“The DelGrossos are a huge part of why I am still here and are the amazing side of my family … that side of family represented consistency and showed me what family meant — I was very blessed to have them as family. They showed me an alternative life — that I didn’t have to live in chaos and fear. They also believed in me … my passion for theater and that I could be bigger.”

But his real motivation for sharing his story is that he feels the world is in need of a hopeful story full of forgiveness.

“The story of my dad and I has everything to do with forgiveness,” he said. “Forgiveness is the core of the show. It’s up to us to see them (people who hurt us) as fully human and worthly of love. You have a choice — it’s up to us (those who are hurt/abused) to see them as fully human, as broken as you are and deserving of dignity and worthy of love.”

He credits his blue-collar immigrant extended family and this community with his survival.

“I had to work hard from the time I was 8 and swept the floor of the penny candy store to make money so my family could live. I grew up in an authentic environment where nothing is put on. No one is trying to be anything they’re not and that’s why I love to come home.”

Before his father died in 2010, the two talked.

“It’s a delicate story about my father. I knew I wanted to tell it and he wanted me to tell it — but he wanted me to wait until he was no longer here,” he explained. “I know it is risky and there is a lot of intensity to it,” he said explaining why he kept the cursing such a prominent part of the play.

“It’s showing my father as he really was. The F-word was part of him. I haven’t lessened the intensity, the language or his anger because then it would not be telling the true. There is authenticity in how my parents were. They were put on this earth for a short amount of time and they did the best they could do. In the ’70s the resources weren’t there.”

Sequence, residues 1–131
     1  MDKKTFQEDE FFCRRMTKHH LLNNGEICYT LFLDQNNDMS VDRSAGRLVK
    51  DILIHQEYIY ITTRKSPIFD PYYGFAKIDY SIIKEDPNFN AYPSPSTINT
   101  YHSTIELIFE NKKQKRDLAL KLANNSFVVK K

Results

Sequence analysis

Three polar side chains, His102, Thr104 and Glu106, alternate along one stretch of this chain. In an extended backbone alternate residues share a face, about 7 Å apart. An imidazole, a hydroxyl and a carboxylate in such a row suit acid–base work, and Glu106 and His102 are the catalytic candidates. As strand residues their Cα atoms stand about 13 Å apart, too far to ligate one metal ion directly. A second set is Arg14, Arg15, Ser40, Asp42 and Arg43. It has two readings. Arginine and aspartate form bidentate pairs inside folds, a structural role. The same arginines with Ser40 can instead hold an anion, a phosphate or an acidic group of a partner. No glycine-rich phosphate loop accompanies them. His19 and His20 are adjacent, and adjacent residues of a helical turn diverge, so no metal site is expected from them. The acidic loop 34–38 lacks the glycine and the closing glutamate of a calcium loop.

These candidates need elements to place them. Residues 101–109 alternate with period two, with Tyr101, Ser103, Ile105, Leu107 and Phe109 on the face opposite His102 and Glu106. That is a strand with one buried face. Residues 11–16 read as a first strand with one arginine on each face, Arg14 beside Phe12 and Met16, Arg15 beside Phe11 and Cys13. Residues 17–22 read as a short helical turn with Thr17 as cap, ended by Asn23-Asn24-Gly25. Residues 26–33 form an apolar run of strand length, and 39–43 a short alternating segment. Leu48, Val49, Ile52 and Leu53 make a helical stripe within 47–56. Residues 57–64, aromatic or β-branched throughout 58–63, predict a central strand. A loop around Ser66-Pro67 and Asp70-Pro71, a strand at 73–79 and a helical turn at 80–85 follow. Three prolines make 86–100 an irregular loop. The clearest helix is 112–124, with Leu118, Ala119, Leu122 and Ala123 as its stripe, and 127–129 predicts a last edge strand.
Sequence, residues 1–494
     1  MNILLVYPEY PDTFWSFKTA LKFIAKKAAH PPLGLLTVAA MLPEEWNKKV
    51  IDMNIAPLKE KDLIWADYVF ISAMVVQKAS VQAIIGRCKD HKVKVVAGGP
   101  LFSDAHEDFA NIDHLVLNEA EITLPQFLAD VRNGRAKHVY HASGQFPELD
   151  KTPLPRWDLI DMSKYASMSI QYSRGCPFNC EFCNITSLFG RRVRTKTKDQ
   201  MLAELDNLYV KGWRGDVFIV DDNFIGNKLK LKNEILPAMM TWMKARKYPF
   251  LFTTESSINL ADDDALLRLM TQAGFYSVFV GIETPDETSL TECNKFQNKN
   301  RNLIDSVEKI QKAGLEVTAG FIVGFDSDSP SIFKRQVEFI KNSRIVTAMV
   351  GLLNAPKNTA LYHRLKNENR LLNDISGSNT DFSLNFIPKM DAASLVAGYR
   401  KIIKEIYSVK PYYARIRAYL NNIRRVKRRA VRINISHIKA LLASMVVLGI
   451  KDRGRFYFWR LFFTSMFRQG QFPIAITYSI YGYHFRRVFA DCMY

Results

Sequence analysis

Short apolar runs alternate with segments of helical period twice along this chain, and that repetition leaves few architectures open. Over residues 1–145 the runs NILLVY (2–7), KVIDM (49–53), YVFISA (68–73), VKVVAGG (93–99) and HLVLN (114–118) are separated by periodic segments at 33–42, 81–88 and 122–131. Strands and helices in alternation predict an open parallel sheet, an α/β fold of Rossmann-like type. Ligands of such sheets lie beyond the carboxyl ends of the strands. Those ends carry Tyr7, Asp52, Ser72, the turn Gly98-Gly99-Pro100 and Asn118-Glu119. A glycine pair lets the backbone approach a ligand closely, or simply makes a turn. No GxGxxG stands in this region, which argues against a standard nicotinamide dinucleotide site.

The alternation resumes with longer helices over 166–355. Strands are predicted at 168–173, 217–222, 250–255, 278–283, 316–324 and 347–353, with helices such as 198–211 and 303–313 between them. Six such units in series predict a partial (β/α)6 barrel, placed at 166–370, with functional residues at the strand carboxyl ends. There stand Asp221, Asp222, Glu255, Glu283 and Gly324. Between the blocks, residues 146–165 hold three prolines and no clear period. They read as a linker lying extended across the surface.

Sweitzer has healed and moved past the hurts inflicted in childhood thanks to intensive mental health therapy. As a music therapist, he specializes in adolescents who struggle with abuse, depression and suicide. In his professional workshops, he preaches the importance of a therapist who practices self care.

He continues with his own mental health therapy and takes care to get enough sleep, water, exercise, reading, time in nature and reading as well as social time with friends and his family of choice.

“This is really a thank-you note to all who helped me — all the relatives, neighbors, friends and teachers. I don’t claim that what I went through is the worst thing in the world. I am so grateful I went through it because I would not be the person that I am. From struggle comes creativity, if you want to use it that way.”

Mirror Staff Writer Patt Keith is at 949-7030

Producer Cook to bring two more shows to Altoona

As producer of “Meatballs and Music” actor/businessman, Christopher Cook of Altoona, said this is the first of three shows he will bring to The Church in the Middle of the Block in 2020.

Cook, part-owner of the performance space, said he and the other owners hope to generate additional income so the location expands as a performance location.

The Church in the Middle of the Block will continue to rent its space to Things Unseen Theatre Company as well as the additional shows planned for the summer.

Coming up in late March will be “Ruthless,” a musical produced by FUSE of State College with Altoona native Katie Kensinger in the lead role.

Then, Cook has again booked a play by his friend Tom Sweitzer, entitled “Sight” to be performed in early August. “Sight” was written in 1999 by Sweitzer but has no obvious Blair County connections unlike “Porches” and “Music and Meatballs.”